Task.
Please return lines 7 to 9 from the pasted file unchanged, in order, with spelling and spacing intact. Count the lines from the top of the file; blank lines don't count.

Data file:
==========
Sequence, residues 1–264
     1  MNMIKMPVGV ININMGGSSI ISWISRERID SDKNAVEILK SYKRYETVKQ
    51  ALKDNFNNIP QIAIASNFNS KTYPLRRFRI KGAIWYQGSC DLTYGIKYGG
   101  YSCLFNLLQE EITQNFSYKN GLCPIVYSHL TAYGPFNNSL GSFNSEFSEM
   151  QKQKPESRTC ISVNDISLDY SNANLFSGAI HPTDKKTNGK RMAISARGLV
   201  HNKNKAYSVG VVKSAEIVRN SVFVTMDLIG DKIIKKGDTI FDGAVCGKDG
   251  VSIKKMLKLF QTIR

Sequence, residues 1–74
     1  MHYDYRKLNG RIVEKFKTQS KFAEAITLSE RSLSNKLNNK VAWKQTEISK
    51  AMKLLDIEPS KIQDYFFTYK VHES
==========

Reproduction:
   251  VSIKKMLKLF QTIR

Sequence, residues 1–74
     1  MHYDYRKLNG RIVEKFKTQS KFAEAITLSE RSLSNKLNNK VAWKQTEISK